Murder at Millsaps: the Dangers of Intra-Species Genetics

by Camille Maker

by Camille Maker
contributor

 “I saw it with my own eyes, and I still couldn’t believe it.”

     “It came out of nowhere, roaring like the monsters of your worst nightmares, you know? Like, really scary.”

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by Becca Lenhart

     “I’ll never forget the glint of moonlight on its fangs. ‘Hashtag freaky,’ if you know what I mean.”

     So say three real Millsaps eyewitnesses to a recent scandal that has blighted our typically casualty-free campus. And in the name of safety and security, it is the duty of this publication to inform the school of a new and very real danger: Squirrelicus, the fearsome mutant, is no myth.

According to the studies which the Mississippi Department of Mutants performed on a captured specimen, Squirrelicus is a product of intra-species genetic experimentation. Likely carried out in the dead of night, nocturnal students driven to the brink of sanity by a desire to prove their excellence (and powered by a substantial number of 5-Hour Energy shots) have been breeding a Super Squirrel as a deranged honors project. The experiment was originally intended to do good but has clearly gone awry. Through covert efforts, researchers discovered that the Squirrelicus species has a proud lineage—mothers from the Northside endowed with natural intellect far above that of the average squirrel, and fathers who hail from the Southside, a more brawny, less brainy group.  Squirrelicus, according to one inside informant, was intended to be a combination of the mothers’ benevolent wisdom and the fathers’ physical prowess. But science is never that simple, there are always unseen variables.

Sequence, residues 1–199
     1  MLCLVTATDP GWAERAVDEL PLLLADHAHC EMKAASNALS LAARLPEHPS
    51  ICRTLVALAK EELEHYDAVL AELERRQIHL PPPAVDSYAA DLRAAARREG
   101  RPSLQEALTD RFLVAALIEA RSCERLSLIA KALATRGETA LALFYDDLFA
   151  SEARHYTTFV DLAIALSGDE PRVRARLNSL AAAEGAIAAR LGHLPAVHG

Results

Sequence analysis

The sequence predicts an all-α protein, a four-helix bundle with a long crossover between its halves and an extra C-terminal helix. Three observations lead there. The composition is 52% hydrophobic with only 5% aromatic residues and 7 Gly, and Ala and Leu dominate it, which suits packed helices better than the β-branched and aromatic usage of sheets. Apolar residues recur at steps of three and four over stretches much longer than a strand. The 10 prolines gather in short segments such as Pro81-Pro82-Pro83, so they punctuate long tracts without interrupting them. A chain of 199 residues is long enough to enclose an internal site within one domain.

“Cunning and savage? No one saw that coming,” our informant moaned, clearly regretting her scientific misadventures.

     In the meantime, a veil of mourning has fallen over our recently beflowered springtime campus. Due to the recent uptick in prospective visitors, Squirrelicus has grown restless and violent: moving up in the world of evil deeds from spooking late-night Rueben’s cravers, it has ventured from the cover of night. This past Friday at approximately 10:57 a.m., a horde of young hopefuls were making their way toward the Christian Center when the monster leapt at them from the flora, seized an underclassman around the ankle and proceeded to drag him away to the shock of the rest. The student has yet to be found. JPD and MDM have been working tirelessly to find the lair of the crafty Squirelicus, but as yet to no avail.

     The public is requested to report any further sightings of the monster immediately, but to remain calm in the meantime: “We advise that students move in large groups armed with clubs, bats and mace, as Sqirrelicus could attack at any time and we are really not sure how strong it is or what, if anything, can harm it,” an MDM representative suggested. “You’re a smart bunch, you Millsaps kids, you really are. But who thought squirrel science was a good idea?”

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